The ill-fated attempt to turn Esk over for repairs. Note the anchors hanging from the mast trees.
Scoresby immediately ordered the 50-man crew to the two pumps and hoisted a distress signal which brought a dozen boats from surrounding whalers. After some positive results the water began to gain on them. As the leak could not be found, ‘fothering’ was suggested (drawing a sail over the exterior of the hull as a second skin) but this proved impossible as they discovered a tongue of ice had torn away a 20 foot section of the after keel into a jutting spike.
Visiting captains declared the Esk a write-off. Scoresby would not give up so easily. He decided to allow the ship to fill then turn her over hull-upwards, using tackles. All the stores were unloaded onto the ice, then anchors were hung from Esk’s yards so the men at the long lines could stamp and haul. It did not work. The Esk would not turn over.
above : Narwhals, named Unicorns for their single 8 foot long tusk. These would be taken if Right whales were scarce
Ignoring the other captains who still urged a write-off, Scoresby’s men managed to rope the protruding spike of keel and rip it away, then apply a fothering sail. It worked. Meanwhile, the weather had changed and the other ships departed to continue fishing but for John of Greenock, commanded by Thomas Jackson, Scoresby’s brother-in-law. Scoresby made a bargain with him to escort Esk to Shetland in return for 50 of the 111 tons of Esk’s casked blubber, worth about £1500, and also £100 to be divided among the seamen as compensation for losing their fishing time.
It took two days of hard work to pack the split in her keel with canvas and oakum. Finally, carrying water ballast, they set sail. Alarmingly, Scoresby found Esk totally unmanageable due to the damaged keel, so John towed her to a mooring in the ice where an extra large ‘jury’ rudder was rigged while Scoresby, exhausted, slept for 20 hours.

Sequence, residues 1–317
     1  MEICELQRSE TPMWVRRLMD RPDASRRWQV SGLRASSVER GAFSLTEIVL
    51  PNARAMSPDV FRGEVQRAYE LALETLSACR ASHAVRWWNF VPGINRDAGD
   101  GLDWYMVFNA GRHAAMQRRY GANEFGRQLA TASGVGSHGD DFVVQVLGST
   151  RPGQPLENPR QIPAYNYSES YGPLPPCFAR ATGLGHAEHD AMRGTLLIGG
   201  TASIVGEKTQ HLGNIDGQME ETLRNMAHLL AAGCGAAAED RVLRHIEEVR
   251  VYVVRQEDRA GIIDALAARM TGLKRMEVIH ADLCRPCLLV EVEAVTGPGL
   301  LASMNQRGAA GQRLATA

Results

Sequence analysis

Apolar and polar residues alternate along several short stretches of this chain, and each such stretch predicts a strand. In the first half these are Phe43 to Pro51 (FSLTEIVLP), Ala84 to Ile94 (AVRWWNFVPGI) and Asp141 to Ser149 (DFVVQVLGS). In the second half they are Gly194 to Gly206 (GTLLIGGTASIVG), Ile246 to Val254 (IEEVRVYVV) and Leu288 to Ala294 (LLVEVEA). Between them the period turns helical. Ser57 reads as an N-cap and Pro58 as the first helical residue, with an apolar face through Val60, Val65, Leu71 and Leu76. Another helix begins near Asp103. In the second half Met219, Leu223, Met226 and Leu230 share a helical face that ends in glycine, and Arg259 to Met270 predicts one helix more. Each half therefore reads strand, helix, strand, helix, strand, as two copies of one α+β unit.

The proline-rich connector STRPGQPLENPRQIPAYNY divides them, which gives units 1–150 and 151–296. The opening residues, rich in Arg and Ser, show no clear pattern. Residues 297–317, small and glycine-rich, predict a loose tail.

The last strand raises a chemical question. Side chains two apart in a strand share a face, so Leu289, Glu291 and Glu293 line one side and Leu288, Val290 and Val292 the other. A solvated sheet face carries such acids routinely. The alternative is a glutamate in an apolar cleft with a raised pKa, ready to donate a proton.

After borrowing a pump from a passing ship they sailed through the bergs and drift ice, but trouble still courted Esk. A Few days later a storm tore away the fothering sail and all hands manned the pumps until a new one could be fixed. After only 24 hours, heavy seas again wrenched it off. When the problem was mastered, the stern post was found to be loosened by the pounding. If the post failed, the ship would founder immediately. John again took her in tow. On 23 July, Scoresby must have breathed a great sigh of relief when Shetland’s Hangcliff was sighted. John cast her off and stood out to the open sea while Scoresby coxed Esk to make to make landfall at Lerwick at 5.30 am on the 27th. Only after lengthy repairs did she set sail for Whitby.
The Esk sailed again the following year for the whale fishery, Scoresby again in command, but it was a poor season. Discouraged, on return to Whitby he decided to give up the sea and become a minister, but only after a further whaling voyage in the Fame, of which he was a co-partner.
The new master of Esk was Captain Dunbar who had sailed with Scoresby’s father and from whom the younger Scoresby had learned some of his fishing skills. For eight years Esk met with varying success and on 5th September 1826 she was making slow headway home against a southerly breeze after catching only four whales. After discharging the Shetlanders at Lerwick, her crew numbered 27, all eager to reach Whitby.